Dan Warner – Cottage industry
October 24, 2008 § Leave a comment
Published: The Age, EG, October 24, 2008.
Melbourne singer-songwriter Dan Warner tells Dan Rule he has made a life outside the music machine.
IT’S quiet up here. There’s just the wind and the distant sweep of highway traffic. To the east, the view stretches for miles. Mid-afternoon sunlight paints fields and farmland, and glints off the cars and utes and 18-wheelers snaking their way between Wallan and Kilmore.
It didn’t take Dan Warner long to get used to this. “It’s beautiful, isn’t it?” he smiles, almost as if not believing it himself.
We make our way down from the top paddock to the quaint tin-walled shack – a self-renovated former hay shed out the back of a rambling farming property and vineyard about an hour north of Melbourne – that the veteran Melbourne songwriter and partner Kate have called home for about a year now. “I’m in my 40s and I’m essentially living in a shed,” he says. “But even if I was a millionaire, I reckon I’d be doing the same.”
It’s indicative of the 42-year-old’s musical life, which has stretched over the best part of two decades and multiple guises, and seen him craft a strain of narrative and character-based song writing that’s as insightful and evocative as any to come out of Melbourne in recent times.
Since the late ’80s, he has written songs and performed as part of the Warner Brothers, Overnight Jones, the cultish Dan & Al, Dan & Kev and as a solo artist, releasing 10 albums, including his new second solo record Night Parrots. He’s also toured America, Europe and Japan as a singer and instrumentalist as part of Jen Anderson’s live score for the 1919 Australian silent film The Sentimental Bloke.
His relationship with the music industry, however, has essentially been one of avoidance. Aside from a brief flirtation with a major label as Overnight Jones in the early ’90s, his approach has been as grassroots as they come. “I still do everything myself,” he says proudly. “I don’t have a manager. It’s not the Dan Warner international juggernaut, you know.”
Instead, he’s worked hard to garner a small but decidedly loyal legion of fans. “That’s what Al and I were always about,” he says of his long-standing collaboration with instrumentalist Al McInnes, known for their residencies at the Punters Club and Corner Hotel front bar.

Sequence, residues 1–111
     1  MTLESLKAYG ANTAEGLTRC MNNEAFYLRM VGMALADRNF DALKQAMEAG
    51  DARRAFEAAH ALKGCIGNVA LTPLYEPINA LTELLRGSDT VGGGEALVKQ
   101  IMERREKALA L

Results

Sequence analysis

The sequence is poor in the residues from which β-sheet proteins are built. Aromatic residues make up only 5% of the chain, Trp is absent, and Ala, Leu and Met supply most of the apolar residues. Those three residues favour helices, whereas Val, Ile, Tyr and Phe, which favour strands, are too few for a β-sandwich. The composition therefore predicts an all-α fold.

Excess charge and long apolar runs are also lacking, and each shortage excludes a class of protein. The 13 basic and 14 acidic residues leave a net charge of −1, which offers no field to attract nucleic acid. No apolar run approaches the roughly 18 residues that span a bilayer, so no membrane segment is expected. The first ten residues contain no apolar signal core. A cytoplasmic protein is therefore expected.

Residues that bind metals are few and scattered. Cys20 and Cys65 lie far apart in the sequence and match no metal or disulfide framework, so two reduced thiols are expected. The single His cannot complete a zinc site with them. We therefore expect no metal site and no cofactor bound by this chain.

“The thing about having a small community of followers is that it becomes like a club and people are very loyal to the club. When we did our record launch, we were still doing two free gigs a week and we got 800 payers at the Corner,” he says with a laugh.
“It was about Rottnest Island and it even had a line about a quokka in it,” he says.
“It was called The Island and it was so bad.”
Still, it triggered what has become a lifelong passion for unearthing and retelling people’s stories. Night Parrots, which was recorded and arranged by Marcel Borrack, continues the tradition. The record comprises a decade of Warner’s best-known narrative songs, many of which had previously been recorded in either a band or duo context.
“It was actually really nice to go back to those songs and help bring the story out and make it translate and give them a proper treatment,” he says, “which many of them never had.”
Pared back and wrapped in whispers of guitar and piano atmosphere, the record gives new perspective to some of Warner’s most poignant stories.
“We really set out to give this record a really nocturnal feel and make it kind of atmospheric. In some ways it feels like me singing on Marcel’s record. He was really generous with his creativity.”
Nonetheless, between dreaming up renovations for the shack and caretaking the farm and vineyard (which is owned by his in-laws), Warner is busy enough writing songs and planning regular American tours not to bother with too many grand plans.
“In lots of ways those small community experiences I’ve had with Dan & Al and stuff have well prepared me for the way the music world has gone,” he says. “The internet and MySpace is all about doing it yourself on a small scale, and that’s how we’ve always done it and it’s so viable.
“I love that I’m on a level playing field with young kids making beats on their computers and stuff like that. I feel a real solidarity with them. It’s like, ‘I do the same thing that you do and for the same reasons’ … it’s just through a different language.”
See Dan Warner discuss the album and perform songs from it at www.tinyurl.com/5qhk63.
He plays tonight at the Corner Hotel. Night Parrots is out through Croxton/MGM.